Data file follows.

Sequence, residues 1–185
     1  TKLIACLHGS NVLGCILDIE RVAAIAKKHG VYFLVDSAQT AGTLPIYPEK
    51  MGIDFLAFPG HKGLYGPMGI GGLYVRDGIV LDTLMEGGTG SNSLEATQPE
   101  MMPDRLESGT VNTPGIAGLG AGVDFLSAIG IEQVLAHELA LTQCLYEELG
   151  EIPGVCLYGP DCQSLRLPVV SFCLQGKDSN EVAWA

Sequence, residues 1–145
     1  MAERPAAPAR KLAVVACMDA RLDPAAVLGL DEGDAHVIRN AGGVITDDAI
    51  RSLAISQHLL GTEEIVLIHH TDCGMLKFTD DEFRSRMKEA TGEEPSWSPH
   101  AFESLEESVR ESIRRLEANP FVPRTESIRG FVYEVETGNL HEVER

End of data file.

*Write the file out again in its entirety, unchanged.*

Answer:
Sequence, residues 1–185
     1  TKLIACLHGS NVLGCILDIE RVAAIAKKHG VYFLVDSAQT AGTLPIYPEK
    51  MGIDFLAFPG HKGLYGPMGI GGLYVRDGIV LDTLMEGGTG SNSLEATQPE
   101  MMPDRLESGT VNTPGIAGLG AGVDFLSAIG IEQVLAHELA LTQCLYEELG
   151  EIPGVCLYGP DCQSLRLPVV SFCLQGKDSN EVAWA

Sequence, residues 1–145
     1  MAERPAAPAR KLAVVACMDA RLDPAAVLGL DEGDAHVIRN AGGVITDDAI
    51  RSLAISQHLL GTEEIVLIHH TDCGMLKFTD DEFRSRMKEA TGEEPSWSPH
   101  AFESLEESVR ESIRRLEANP FVPRTESIRG FVYEVETGNL HEVER